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More fathers married when their first child is born? Probably not

A startling data brief from the National Center for Health Statistics reports that the percentage of fathers who weren’t married at the time of their first births fell from the 1980s to the 2000s. Here is the first “key finding”: “The percentage of fathers aged 15–44 whose first births were nonmarital was lower in the 2000s (36%) than in the previous 2 decades.”

That is shocking. How could we have a falling percentage of fathers not married at the time of their first births? The author, Gladys Martinez, writes:

Results from this study indicate that in the 2000s, the percentage of fathers with nonmarital first births declined. However, the percentage of fathers whose nonmarital first births occurred within a cohabiting union increased. This pattern differs from that for the mother. Data for women showed that the share of all births that occurred to unmarried women has doubled between 1988 and 2009–2013, and that the increase was driven by an increase in the share of births to cohabiting women.

Here is the main figure, showing the decline in nonmarital first births for fathers:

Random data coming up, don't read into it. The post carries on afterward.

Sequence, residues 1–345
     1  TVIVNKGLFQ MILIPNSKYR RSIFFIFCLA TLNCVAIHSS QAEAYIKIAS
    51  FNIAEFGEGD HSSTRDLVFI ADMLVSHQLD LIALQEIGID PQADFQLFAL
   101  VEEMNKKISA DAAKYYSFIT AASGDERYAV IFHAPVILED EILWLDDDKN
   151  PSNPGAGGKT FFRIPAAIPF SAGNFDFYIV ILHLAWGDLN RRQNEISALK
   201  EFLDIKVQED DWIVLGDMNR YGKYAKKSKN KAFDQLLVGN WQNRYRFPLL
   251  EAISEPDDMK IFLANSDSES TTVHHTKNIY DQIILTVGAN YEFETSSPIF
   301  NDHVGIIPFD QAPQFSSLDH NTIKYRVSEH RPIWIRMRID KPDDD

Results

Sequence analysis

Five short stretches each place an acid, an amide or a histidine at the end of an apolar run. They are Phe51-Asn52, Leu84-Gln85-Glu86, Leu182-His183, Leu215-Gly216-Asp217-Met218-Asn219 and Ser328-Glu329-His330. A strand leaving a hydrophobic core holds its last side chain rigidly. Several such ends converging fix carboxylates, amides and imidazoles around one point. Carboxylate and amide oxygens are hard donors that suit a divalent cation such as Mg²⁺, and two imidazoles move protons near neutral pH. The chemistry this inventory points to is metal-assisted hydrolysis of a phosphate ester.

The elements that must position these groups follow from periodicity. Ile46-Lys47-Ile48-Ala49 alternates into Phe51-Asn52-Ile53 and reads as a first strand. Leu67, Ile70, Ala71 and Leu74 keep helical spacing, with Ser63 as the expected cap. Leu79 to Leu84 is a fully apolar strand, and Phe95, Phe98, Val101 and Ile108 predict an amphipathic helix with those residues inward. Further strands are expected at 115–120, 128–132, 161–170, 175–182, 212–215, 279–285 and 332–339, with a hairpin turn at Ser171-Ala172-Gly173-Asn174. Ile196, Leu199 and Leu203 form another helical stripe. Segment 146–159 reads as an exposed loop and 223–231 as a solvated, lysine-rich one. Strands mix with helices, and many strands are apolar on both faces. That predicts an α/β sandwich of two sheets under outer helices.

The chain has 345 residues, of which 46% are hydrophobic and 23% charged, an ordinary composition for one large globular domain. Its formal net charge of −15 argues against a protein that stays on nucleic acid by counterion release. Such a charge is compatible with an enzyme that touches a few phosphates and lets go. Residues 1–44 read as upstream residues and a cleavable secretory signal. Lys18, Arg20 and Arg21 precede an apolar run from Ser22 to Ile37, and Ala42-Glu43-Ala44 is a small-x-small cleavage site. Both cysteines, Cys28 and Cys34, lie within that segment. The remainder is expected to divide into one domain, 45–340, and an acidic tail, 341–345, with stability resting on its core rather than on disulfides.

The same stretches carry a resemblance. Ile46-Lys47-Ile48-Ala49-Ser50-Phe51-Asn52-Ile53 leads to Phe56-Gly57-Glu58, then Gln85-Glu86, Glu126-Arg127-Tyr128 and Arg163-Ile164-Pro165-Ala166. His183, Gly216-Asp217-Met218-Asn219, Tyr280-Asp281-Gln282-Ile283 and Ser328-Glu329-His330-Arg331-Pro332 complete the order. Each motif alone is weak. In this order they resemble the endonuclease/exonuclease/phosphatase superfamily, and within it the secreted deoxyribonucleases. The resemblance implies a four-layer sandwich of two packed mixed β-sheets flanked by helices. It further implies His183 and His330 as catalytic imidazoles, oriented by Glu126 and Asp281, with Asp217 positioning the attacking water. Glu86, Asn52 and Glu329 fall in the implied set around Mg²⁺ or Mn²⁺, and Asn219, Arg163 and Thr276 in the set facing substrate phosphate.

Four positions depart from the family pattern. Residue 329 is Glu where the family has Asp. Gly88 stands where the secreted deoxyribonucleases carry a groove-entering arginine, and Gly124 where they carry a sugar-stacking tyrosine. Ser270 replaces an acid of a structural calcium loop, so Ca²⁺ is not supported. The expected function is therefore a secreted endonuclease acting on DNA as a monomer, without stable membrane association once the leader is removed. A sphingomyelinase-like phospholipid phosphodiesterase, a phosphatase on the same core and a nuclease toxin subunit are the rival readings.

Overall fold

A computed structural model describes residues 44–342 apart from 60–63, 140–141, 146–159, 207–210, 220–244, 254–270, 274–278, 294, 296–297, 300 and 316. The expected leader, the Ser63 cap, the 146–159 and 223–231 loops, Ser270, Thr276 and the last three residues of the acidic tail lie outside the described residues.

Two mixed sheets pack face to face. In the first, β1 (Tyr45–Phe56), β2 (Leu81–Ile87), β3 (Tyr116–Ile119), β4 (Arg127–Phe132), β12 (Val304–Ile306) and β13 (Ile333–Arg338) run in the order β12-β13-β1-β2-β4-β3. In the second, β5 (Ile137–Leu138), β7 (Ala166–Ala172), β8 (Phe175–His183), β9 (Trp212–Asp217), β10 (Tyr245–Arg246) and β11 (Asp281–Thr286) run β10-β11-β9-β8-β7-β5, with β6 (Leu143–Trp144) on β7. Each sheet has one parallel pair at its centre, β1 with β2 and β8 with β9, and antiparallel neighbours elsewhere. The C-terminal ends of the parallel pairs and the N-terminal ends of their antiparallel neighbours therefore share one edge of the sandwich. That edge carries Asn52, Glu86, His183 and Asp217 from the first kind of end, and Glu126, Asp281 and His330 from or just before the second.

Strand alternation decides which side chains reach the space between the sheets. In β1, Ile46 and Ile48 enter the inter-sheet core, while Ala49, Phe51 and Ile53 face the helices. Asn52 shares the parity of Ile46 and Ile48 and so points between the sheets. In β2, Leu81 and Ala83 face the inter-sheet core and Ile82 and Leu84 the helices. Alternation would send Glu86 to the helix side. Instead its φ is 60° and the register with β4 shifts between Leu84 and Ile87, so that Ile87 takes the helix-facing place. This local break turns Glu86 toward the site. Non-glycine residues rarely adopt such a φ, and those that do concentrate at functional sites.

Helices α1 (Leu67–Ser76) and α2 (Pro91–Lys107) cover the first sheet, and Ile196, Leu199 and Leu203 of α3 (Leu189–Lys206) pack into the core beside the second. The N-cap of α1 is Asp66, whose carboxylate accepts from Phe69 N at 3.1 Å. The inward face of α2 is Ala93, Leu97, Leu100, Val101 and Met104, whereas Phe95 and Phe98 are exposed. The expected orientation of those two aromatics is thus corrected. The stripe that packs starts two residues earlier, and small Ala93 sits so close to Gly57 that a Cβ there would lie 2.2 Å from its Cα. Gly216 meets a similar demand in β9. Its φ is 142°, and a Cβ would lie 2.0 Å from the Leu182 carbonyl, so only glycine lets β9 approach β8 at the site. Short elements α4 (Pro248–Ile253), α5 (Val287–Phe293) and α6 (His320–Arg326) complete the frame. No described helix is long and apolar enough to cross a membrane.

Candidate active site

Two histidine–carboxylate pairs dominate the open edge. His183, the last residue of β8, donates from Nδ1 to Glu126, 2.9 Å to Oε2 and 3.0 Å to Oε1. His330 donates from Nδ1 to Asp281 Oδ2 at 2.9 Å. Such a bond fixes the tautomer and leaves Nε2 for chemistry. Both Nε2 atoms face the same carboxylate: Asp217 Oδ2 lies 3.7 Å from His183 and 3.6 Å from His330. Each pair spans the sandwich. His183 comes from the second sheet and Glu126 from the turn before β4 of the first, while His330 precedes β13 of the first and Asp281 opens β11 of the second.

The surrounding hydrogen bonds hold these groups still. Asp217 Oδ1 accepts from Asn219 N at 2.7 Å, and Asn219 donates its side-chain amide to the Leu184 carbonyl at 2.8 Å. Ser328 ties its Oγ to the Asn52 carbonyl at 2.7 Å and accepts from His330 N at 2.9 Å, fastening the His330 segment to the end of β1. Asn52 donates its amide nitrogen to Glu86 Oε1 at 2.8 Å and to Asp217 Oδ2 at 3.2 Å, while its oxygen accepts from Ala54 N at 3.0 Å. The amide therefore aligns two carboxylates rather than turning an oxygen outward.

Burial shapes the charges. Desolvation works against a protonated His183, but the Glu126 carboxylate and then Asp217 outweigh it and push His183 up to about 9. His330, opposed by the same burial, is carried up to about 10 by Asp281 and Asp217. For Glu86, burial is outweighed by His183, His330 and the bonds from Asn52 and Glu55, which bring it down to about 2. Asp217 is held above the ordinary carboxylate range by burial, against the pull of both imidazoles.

nchs-men-1But I think this is not correct (this concern was first raised to me by Pew researcher Gretchen Livingston). Here’s why. As the figure shows, the source for these three decades of data is the National Survey of Family Growth. The earliest this survey captured men’s births (awkward phrase, but you know what I mean) was in 2002. And the ages included in the survey were 15-44. But the figure has information about births in the years 1980-1989. By my math, the oldest a 15-44-year-old in 2002 could have been in 1989 is 31. So that 2002 survey is only returning data on the marital status of men ages 15-31 in the 1980s.

I always have to do one of these to make sure I’m not crazy when I’m trying to work something like this out. This is how old 15-44 year-olds in 2002 were in the 1980s, excluding those under 15 (click to enlarge):

age-in-80s

They’re all 15-31 (or younger) in the 1980s. In contrast, if they combine the 2006-2010 survey (collected over 5 years) with the 2011-2013 survey (collected over 3 years), they have men ages 15-42 in the 1990s and 15-44 in the 2000s. So, as the age of the men in the sample rose, the proportion married when they had their first birth rose, too. This is what we would expect: younger first-time parents are much less likely to be married.

Consider, then, the followup finding from the brief: for men of every age the proportion unmarried at the time of their first birth has increased:

nchs-men-2How can it be that the overall proportion unmarried is falling, while it’s rising for each age group? The answer in the data brief is that first-time unmarried fathers are getting older. But remember — the samples are getting older across these decades, because of the timing of the surveys: they age from 15-31 to 15-44. That explains the next figure perfectly. Look at that increase in the proportion of unmarried first-time fathers who are 25-44: